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Mizzou Report Card: Offensive players in 2022

Now that we've reached the conclusion of the 2022 regular season it is time to hand out a position-by-position report card for Missouri's offense.

Quarterbacks: Brady Cook's first six games and his last six games were a tale of two halves. In his first six games, Mizzou went 2-4 with wins over Louisiana Tech and Abilene Christian, a blowout loss to Kansas State, and three one-possession losses to Auburn, Georgia and Florida. In those games, Cook completed 110 of 170 (64%) passes for 1,212 yards (202 yards per game), five touchdowns and six interceptions. He added 54 rushes for 163 yards, two touchdowns and a fumble. If the season ended after those first six games his grade would likely be lower.

At Kansas State in week two, he passed for a season-low 128 yards and threw two interceptions. Against Auburn in week four, he made the play at the end of regulation that should've led to a Mizzou win, but outside of that he led two good drives and had about eight or nine bad ones versus a team that would fire its coach a few weeks later. When the Tigers had Georgia on the ropes for the first three and a half quarters in week five they failed to capitalize, and when Georgia came roaring back at the end Cook couldn't muster a first down on their final offensive drive. Against Florida in week six, he played well but had two interceptions, one of which was returned for a touchdown. Missouri should've likely headed into its week seven bye at 5-1 or 4-2.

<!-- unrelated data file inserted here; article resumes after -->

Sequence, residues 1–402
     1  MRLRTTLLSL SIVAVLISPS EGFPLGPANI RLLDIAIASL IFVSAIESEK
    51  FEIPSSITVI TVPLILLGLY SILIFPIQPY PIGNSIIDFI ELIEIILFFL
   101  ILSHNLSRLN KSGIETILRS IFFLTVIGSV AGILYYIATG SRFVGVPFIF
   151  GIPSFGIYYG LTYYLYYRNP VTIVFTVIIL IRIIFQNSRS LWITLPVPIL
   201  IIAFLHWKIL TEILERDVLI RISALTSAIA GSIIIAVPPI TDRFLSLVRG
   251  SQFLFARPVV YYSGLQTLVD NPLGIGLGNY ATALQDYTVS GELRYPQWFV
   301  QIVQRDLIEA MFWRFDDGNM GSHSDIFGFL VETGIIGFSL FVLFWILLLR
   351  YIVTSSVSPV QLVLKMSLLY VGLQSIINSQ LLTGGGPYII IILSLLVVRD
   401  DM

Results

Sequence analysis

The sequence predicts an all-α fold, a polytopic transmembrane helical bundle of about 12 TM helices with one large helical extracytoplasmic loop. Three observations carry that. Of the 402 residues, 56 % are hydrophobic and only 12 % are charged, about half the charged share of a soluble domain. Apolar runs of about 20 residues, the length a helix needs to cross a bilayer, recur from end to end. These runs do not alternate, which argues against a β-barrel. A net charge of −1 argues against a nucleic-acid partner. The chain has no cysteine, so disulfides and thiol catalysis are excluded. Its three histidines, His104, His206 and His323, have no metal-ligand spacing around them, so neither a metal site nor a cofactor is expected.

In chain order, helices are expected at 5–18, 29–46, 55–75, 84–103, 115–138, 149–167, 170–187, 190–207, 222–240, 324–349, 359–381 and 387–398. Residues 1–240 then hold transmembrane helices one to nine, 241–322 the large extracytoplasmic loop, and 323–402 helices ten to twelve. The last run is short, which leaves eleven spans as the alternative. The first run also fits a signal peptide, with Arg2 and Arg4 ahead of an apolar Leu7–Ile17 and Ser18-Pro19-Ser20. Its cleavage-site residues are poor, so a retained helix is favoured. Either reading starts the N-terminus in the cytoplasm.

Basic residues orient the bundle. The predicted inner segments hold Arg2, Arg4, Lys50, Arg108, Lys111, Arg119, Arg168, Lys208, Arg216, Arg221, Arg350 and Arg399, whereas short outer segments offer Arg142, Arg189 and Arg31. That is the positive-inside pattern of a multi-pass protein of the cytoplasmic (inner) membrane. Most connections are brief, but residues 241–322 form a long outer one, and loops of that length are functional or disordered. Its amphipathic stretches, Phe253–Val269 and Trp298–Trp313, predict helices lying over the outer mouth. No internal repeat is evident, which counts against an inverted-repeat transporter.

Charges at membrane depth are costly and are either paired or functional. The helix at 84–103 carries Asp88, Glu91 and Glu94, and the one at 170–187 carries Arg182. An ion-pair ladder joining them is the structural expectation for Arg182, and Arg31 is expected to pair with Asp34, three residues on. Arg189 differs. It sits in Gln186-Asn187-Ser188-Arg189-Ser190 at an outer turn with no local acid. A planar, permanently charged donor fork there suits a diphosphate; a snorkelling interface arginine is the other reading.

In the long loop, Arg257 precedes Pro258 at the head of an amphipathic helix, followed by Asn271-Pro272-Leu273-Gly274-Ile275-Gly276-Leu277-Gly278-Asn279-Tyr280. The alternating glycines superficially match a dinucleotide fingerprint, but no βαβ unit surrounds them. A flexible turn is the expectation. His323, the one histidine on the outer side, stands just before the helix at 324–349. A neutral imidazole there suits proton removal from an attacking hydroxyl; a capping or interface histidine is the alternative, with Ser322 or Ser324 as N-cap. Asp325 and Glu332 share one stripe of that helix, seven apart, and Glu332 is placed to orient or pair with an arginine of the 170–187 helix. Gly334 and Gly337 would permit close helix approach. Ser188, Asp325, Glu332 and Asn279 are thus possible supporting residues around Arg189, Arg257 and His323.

The second half of the season saw Cook make gradual improvements in many facets of his game and the Tigers go 4-2 in their last six games. He completed 107 of 163 (65%) passes for 1,292 yards (215.33 yards per game), eight touchdowns and an interception. He rushed the ball 71 times for 384 yards, four touchdowns and two fumbles.

When the Tigers hosted Vanderbilt in week eight he didn't have a stellar game, but he helped get the Tigers to a 17-0 lead which would be enough to score the team's first conference and Power 5 win. Against then-No.25 South Carolina in week nine, he had a rushing touchdown and for the most part, managed the game well and led Mizzou to a ranked road win over a division foe. Missouri lost its fourth one-possession game of the season versus Kentucky, and while Cook had an abysmal first half he had two rushing touchdowns to help the Tigers regain the lead in the fourth quarter in that game. Mizzou got crushed against Tennessee in week 11, but Cook had a good day leading three drives of 60 yards or more for touchdowns. He also added a then-career-high 106 rushing yards on the ground. Cook threw for three touchdowns against an overmatched New Mexico State and led the Tigers in rushing for the second week in a row. He had the best game of his career for the third week in a row in week 13 versus Arkansas with bowl eligibility and the Battle Line trophy at stake completing 16 of 26 passes for 241 yards and a touchdown while adding a new career-high 138 rushing yards and a touchdown on the ground in the win.

Cook is a big reason why the Tigers finished .500 in the regular season for the fourth consecutive season instead of probably 8-4. He's also a big reason why when the season seemed grim at 2-4, the Tigers were able to fight back and claim bowl eligibility.